In State of Emergency, Turkey’s Erdogan Focuses on Spiritual Movementi
    X
    July 22, 2016 11:49 AM
    The state of emergency that Turkish President Recep Tayyip Erdogan has declared is giving him even more power to expand a purge that has seen an estimated 60,000 people either arrested or suspended from their jobs. VOA Europe correspondent Luis Ramirez reports from Istanbul.
    Video

    Video In State of Emergency, Turkey’s Erdogan Focuses on Spiritual Movement

    The state of emergency that Turkish President Recep Tayyip Erdogan has declared is giving him even more power to expand a purge that has seen an estimated 60,000 people either arrested or suspended from their jobs. VOA Europe correspondent Luis Ramirez reports from Istanbul.
    Video

    Video Scientists in Poland Race to Save Honeybees

    Honeybees are in danger worldwide. Causes of what's known as colony collapse disorder range from pesticides and loss of habitat to infections. But scientists in Poland say they are on track to finding a cure for one of the diseases. VOA’s George Putic reports.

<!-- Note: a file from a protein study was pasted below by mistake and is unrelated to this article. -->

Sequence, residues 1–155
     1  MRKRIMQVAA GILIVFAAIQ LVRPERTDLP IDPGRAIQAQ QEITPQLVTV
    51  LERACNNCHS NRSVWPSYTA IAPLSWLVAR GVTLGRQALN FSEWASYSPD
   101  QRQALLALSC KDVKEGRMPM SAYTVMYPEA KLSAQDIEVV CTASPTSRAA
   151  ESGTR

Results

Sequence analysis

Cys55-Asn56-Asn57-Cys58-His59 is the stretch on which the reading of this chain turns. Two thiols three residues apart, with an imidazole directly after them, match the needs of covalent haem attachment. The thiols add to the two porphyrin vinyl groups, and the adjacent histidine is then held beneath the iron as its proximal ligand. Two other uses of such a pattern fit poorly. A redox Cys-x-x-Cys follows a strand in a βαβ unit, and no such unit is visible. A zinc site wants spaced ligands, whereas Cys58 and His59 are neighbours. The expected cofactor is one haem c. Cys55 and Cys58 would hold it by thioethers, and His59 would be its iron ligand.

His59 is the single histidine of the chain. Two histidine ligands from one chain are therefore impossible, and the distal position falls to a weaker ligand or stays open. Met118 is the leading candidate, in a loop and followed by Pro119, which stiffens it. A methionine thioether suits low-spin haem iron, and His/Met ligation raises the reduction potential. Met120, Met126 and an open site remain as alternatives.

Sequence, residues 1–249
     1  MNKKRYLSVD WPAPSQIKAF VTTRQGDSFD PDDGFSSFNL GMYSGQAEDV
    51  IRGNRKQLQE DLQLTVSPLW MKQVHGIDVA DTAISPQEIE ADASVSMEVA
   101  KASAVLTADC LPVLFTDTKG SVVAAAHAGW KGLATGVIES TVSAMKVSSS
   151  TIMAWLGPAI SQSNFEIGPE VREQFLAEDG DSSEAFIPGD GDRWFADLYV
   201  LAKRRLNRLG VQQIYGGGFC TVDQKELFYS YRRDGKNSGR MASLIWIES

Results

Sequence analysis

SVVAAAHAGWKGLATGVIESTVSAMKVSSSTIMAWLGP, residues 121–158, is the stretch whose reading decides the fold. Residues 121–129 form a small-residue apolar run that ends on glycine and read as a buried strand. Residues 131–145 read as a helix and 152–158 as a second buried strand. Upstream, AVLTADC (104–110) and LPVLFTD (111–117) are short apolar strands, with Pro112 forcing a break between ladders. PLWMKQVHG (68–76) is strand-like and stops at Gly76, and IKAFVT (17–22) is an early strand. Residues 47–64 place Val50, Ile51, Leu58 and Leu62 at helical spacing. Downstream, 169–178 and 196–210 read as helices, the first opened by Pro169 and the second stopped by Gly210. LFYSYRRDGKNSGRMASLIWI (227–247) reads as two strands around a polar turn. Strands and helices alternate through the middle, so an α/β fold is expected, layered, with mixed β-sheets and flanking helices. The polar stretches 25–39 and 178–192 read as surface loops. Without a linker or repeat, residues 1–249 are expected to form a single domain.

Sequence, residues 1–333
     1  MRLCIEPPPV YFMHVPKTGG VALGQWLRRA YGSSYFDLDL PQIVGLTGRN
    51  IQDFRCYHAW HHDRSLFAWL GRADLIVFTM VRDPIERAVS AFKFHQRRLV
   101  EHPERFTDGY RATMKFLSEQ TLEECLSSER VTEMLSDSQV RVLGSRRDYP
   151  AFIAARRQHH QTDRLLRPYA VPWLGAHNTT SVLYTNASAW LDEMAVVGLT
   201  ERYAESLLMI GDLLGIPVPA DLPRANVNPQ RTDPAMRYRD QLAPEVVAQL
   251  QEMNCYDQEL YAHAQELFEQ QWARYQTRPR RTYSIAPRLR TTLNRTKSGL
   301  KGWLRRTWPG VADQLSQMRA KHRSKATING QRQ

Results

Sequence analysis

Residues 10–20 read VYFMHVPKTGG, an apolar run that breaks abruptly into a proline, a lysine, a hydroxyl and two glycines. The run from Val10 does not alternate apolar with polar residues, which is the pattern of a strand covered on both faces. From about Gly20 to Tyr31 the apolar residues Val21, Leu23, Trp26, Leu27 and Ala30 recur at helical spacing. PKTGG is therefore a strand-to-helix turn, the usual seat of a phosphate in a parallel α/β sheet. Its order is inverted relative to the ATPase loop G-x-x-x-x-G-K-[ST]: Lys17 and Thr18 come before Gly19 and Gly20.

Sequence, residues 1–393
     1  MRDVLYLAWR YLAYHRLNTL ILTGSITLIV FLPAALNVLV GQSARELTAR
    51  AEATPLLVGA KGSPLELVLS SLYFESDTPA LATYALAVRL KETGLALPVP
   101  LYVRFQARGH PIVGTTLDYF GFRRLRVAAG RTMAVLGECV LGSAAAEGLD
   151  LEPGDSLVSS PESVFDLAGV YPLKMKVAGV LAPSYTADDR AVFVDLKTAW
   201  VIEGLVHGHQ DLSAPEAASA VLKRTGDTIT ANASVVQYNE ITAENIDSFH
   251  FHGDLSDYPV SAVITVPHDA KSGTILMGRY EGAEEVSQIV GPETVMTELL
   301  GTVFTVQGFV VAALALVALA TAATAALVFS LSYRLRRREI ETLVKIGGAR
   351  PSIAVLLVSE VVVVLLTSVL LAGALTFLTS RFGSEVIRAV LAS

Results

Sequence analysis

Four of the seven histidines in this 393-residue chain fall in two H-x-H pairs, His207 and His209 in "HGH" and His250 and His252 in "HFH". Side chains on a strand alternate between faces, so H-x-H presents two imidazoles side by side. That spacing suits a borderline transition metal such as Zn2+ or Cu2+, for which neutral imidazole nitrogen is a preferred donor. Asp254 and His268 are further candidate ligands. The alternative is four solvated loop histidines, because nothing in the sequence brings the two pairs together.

Video

    Video Wall Already Runs Along Parts of US-Mexico Border

    The Republican Party’s presidential nominee, Donald Trump, gained the support of many voters by saying he would build a wall to keep undocumented immigrants and drugs from coming across the border from Mexico. Critics have called his idea impractical and offensive to Mexico, while supporters say such a bold approach is needed to control the border. VOA’s Greg Flakus has more from the border town of Nogales, Arizona.
    Video

    Video New HIV Tests Emphasize Rapid Results

    As the global fight against AIDS intensifies, activists have placed increasing importance on getting people to know their HIV status. Some companies are developing new HIV testing methods designed to be quick, easy and accurate. Thuso Khumalo looks at the latest methods, presented at the International AIDS conference in Durban, South Africa.